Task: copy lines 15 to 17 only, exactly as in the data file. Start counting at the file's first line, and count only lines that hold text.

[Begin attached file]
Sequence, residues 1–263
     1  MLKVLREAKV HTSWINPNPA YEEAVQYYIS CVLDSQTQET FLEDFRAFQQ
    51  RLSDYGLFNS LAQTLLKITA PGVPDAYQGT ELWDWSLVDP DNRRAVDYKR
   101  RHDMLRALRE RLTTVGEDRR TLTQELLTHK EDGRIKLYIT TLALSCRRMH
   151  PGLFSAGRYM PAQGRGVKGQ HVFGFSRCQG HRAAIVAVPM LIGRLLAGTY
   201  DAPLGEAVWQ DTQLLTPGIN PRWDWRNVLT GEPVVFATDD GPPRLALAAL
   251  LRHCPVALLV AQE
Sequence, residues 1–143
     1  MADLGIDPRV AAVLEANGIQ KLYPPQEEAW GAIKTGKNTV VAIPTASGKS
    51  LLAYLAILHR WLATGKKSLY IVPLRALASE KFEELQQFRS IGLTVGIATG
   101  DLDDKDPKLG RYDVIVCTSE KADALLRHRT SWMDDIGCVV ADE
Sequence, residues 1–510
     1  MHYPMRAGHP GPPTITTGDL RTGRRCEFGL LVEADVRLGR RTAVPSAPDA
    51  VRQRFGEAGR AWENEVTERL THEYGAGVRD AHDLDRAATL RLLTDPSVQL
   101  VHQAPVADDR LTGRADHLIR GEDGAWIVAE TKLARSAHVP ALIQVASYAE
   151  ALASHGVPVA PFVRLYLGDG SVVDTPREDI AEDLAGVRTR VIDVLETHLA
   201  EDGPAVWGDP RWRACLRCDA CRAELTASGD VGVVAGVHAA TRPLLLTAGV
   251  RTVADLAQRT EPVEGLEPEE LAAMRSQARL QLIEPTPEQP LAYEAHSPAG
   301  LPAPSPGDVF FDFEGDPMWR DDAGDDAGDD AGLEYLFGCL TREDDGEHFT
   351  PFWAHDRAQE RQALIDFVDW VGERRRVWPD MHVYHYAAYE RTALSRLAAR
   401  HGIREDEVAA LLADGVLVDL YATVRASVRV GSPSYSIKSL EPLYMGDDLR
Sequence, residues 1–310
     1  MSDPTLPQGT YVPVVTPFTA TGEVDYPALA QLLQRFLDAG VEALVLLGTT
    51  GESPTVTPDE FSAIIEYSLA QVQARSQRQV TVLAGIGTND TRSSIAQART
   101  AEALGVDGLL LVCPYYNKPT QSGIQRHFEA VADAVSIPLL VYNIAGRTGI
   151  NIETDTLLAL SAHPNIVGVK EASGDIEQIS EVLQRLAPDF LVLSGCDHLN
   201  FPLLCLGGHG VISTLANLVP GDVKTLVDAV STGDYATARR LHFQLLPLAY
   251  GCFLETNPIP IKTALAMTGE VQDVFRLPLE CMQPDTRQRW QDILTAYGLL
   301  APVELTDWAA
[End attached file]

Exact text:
   101  VHQAPVADDR LTGRADHLIR GEDGAWIVAE TKLARSAHVP ALIQVASYAE
   151  ALASHGVPVA PFVRLYLGDG SVVDTPREDI AEDLAGVRTR VIDVLETHLA
   201  EDGPAVWGDP RWRACLRCDA CRAELTASGD VGVVAGVHAA TRPLLLTAGV